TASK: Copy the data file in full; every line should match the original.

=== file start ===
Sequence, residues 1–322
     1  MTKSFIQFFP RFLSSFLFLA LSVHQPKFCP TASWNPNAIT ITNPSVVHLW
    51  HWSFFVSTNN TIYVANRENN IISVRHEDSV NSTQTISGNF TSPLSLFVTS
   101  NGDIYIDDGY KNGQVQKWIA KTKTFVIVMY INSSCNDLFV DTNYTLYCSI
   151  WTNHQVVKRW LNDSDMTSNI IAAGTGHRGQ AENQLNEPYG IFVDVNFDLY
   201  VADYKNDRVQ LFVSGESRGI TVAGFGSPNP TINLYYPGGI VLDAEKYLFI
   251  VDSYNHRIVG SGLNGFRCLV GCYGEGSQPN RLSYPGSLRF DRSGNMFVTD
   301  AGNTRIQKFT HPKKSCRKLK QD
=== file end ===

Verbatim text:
Sequence, residues 1–322
     1  MTKSFIQFFP RFLSSFLFLA LSVHQPKFCP TASWNPNAIT ITNPSVVHLW
    51  HWSFFVSTNN TIYVANRENN IISVRHEDSV NSTQTISGNF TSPLSLFVTS
   101  NGDIYIDDGY KNGQVQKWIA KTKTFVIVMY INSSCNDLFV DTNYTLYCSI
   151  WTNHQVVKRW LNDSDMTSNI IAAGTGHRGQ AENQLNEPYG IFVDVNFDLY
   201  VADYKNDRVQ LFVSGESRGI TVAGFGSPNP TINLYYPGGI VLDAEKYLFI
   251  VDSYNHRIVG SGLNGFRCLV GCYGEGSQPN RLSYPGSLRF DRSGNMFVTD
   301  AGNTRIQKFT HPKKSCRKLK QD